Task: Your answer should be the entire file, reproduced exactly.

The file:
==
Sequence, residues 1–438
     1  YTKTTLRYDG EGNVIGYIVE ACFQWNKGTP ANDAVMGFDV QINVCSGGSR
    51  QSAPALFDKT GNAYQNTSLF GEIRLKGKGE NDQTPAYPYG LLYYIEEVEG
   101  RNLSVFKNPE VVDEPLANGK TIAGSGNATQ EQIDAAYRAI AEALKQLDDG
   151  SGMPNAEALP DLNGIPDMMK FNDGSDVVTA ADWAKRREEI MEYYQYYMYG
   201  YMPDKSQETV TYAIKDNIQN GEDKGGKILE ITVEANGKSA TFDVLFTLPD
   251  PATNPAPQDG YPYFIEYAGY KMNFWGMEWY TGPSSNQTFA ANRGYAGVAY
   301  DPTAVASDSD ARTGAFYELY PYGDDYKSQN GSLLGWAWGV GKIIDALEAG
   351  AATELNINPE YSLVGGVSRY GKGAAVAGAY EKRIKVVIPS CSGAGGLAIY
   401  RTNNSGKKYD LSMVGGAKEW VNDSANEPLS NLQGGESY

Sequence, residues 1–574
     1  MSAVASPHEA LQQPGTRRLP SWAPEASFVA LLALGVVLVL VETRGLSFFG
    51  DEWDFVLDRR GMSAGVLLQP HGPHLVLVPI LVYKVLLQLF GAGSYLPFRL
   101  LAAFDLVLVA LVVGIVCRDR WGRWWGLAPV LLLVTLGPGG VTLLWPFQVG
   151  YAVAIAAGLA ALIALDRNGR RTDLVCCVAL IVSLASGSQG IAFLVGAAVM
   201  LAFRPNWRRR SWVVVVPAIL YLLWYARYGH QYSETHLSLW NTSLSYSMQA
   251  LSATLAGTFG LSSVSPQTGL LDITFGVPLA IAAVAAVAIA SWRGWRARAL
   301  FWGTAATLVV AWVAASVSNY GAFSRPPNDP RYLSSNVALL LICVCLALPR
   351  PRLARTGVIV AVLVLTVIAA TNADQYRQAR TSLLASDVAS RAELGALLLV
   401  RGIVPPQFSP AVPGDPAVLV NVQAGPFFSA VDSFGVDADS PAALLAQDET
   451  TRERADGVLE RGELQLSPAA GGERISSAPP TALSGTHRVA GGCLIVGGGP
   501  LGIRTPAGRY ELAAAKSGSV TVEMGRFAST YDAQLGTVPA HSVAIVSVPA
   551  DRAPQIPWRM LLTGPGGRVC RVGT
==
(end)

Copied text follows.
Sequence, residues 1–438
     1  YTKTTLRYDG EGNVIGYIVE ACFQWNKGTP ANDAVMGFDV QINVCSGGSR
    51  QSAPALFDKT GNAYQNTSLF GEIRLKGKGE NDQTPAYPYG LLYYIEEVEG
   101  RNLSVFKNPE VVDEPLANGK TIAGSGNATQ EQIDAAYRAI AEALKQLDDG
   151  SGMPNAEALP DLNGIPDMMK FNDGSDVVTA ADWAKRREEI MEYYQYYMYG
   201  YMPDKSQETV TYAIKDNIQN GEDKGGKILE ITVEANGKSA TFDVLFTLPD
   251  PATNPAPQDG YPYFIEYAGY KMNFWGMEWY TGPSSNQTFA ANRGYAGVAY
   301  DPTAVASDSD ARTGAFYELY PYGDDYKSQN GSLLGWAWGV GKIIDALEAG
   351  AATELNINPE YSLVGGVSRY GKGAAVAGAY EKRIKVVIPS CSGAGGLAIY
   401  RTNNSGKKYD LSMVGGAKEW VNDSANEPLS NLQGGESY

Sequence, residues 1–574
     1  MSAVASPHEA LQQPGTRRLP SWAPEASFVA LLALGVVLVL VETRGLSFFG
    51  DEWDFVLDRR GMSAGVLLQP HGPHLVLVPI LVYKVLLQLF GAGSYLPFRL
   101  LAAFDLVLVA LVVGIVCRDR WGRWWGLAPV LLLVTLGPGG VTLLWPFQVG
   151  YAVAIAAGLA ALIALDRNGR RTDLVCCVAL IVSLASGSQG IAFLVGAAVM
   201  LAFRPNWRRR SWVVVVPAIL YLLWYARYGH QYSETHLSLW NTSLSYSMQA
   251  LSATLAGTFG LSSVSPQTGL LDITFGVPLA IAAVAAVAIA SWRGWRARAL
   301  FWGTAATLVV AWVAASVSNY GAFSRPPNDP RYLSSNVALL LICVCLALPR
   351  PRLARTGVIV AVLVLTVIAA TNADQYRQAR TSLLASDVAS RAELGALLLV
   401  RGIVPPQFSP AVPGDPAVLV NVQAGPFFSA VDSFGVDADS PAALLAQDET
   451  TRERADGVLE RGELQLSPAA GGERISSAPP TALSGTHRVA GGCLIVGGGP
   501  LGIRTPAGRY ELAAAKSGSV TVEMGRFAST YDAQLGTVPA HSVAIVSVPA
   551  DRAPQIPWRM LLTGPGGRVC RVGT